Foggo, George Adventures of Sir James Brooke, K.C.B., Rajah of Sarawak 'Sovereign de facto of Borneo Proper', late Governor of Labuan, shewing the means employed, by a private English gentleman, in subjecting to his supremacy the most ancient Mahomedan dynasty in the East, and in ruling a fine country 60,000 square miles in extent, through the instrumentality of the British navy. Devastation of farms, huts, and plantations, under pretence of checking Piracy. From Rajah Brooke's own Diary and Correspondence, or from Government Official Documents. London Effingham Wilson 1853
First edition, pp.46. Light stain to front and rear margins. A very good copy with original front wrapper, rear wrapper replaced. Preserved in red morocco solander box. Inscribed on front wrapper: Lord Wodehouse, Under Secretary of State, with the author's respects.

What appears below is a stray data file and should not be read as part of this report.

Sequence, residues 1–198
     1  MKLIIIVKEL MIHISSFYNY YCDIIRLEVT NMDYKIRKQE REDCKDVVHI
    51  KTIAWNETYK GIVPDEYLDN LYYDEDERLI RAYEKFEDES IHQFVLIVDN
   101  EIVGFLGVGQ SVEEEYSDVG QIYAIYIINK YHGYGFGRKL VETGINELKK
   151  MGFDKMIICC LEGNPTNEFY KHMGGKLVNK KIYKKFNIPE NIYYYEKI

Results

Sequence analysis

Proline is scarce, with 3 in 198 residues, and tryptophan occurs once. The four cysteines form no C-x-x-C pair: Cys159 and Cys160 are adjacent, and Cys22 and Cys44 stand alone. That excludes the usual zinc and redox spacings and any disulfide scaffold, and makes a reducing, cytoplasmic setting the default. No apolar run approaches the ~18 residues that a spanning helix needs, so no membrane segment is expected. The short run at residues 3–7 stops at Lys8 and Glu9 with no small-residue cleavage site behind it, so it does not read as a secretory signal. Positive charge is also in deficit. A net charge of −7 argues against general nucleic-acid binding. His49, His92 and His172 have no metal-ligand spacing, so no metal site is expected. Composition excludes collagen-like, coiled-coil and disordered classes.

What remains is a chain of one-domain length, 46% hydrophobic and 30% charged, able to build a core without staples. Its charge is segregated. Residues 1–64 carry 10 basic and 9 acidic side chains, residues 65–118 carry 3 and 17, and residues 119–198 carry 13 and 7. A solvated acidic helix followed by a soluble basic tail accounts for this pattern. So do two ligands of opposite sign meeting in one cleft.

George Foggo, 1793–1869, was an artist, educated in Paris. He founded, with his brother James, the National Monument Society, to campaign for free access to museums, public edifices, and works of art. The Duke of Sussex was president, Joseph Hume chairman of committees, and George was honorary secretary. He also worked as a lithographer with his brother, and in 1828 published a set of large lithographs from the cartoons by Raphael. In 1844 Foggo published a critical catalogue of the paintings in the National Gallery, the first attempt to make the collection intelligible to the public. He was an unsparing critic of the Royal Academy and its educational structure, and a frequent pamphleteer on the subject. This extremely scarce pamphlet attacking James Brooke's rule in Sarawak appears to have been written in support of his friend Joseph Hume, the radical member of parliament who had made the original charges against Brooke which led to the Royal Commission.